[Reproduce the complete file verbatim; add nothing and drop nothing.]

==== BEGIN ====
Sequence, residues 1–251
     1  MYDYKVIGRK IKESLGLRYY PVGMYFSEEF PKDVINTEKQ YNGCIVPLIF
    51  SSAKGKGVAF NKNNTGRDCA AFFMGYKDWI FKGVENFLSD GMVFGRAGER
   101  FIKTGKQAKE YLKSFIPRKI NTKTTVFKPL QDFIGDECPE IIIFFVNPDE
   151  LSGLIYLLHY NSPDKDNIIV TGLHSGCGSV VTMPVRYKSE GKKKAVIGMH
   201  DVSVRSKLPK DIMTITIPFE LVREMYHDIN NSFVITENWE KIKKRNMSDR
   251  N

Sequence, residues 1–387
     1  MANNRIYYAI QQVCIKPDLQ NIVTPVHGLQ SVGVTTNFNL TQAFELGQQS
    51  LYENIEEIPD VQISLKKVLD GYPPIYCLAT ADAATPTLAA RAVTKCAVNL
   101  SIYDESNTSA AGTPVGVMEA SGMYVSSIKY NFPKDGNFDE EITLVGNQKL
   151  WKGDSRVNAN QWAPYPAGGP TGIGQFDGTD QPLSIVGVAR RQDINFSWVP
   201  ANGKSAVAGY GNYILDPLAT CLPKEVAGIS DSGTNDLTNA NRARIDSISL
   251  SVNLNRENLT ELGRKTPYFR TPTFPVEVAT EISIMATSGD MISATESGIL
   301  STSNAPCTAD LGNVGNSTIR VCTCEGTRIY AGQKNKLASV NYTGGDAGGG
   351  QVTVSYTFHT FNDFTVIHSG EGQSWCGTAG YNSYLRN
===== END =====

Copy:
Sequence, residues 1–251
     1  MYDYKVIGRK IKESLGLRYY PVGMYFSEEF PKDVINTEKQ YNGCIVPLIF
    51  SSAKGKGVAF NKNNTGRDCA AFFMGYKDWI FKGVENFLSD GMVFGRAGER
   101  FIKTGKQAKE YLKSFIPRKI NTKTTVFKPL QDFIGDECPE IIIFFVNPDE
   151  LSGLIYLLHY NSPDKDNIIV TGLHSGCGSV VTMPVRYKSE GKKKAVIGMH
   201  DVSVRSKLPK DIMTITIPFE LVREMYHDIN NSFVITENWE KIKKRNMSDR
   251  N

Sequence, residues 1–387
     1  MANNRIYYAI QQVCIKPDLQ NIVTPVHGLQ SVGVTTNFNL TQAFELGQQS
    51  LYENIEEIPD VQISLKKVLD GYPPIYCLAT ADAATPTLAA RAVTKCAVNL
   101  SIYDESNTSA AGTPVGVMEA SGMYVSSIKY NFPKDGNFDE EITLVGNQKL
   151  WKGDSRVNAN QWAPYPAGGP TGIGQFDGTD QPLSIVGVAR RQDINFSWVP
   201  ANGKSAVAGY GNYILDPLAT CLPKEVAGIS DSGTNDLTNA NRARIDSISL
   251  SVNLNRENLT ELGRKTPYFR TPTFPVEVAT EISIMATSGD MISATESGIL
   301  STSNAPCTAD LGNVGNSTIR VCTCEGTRIY AGQKNKLASV NYTGGDAGGG
   351  QVTVSYTFHT FNDFTVIHSG EGQSWCGTAG YNSYLRN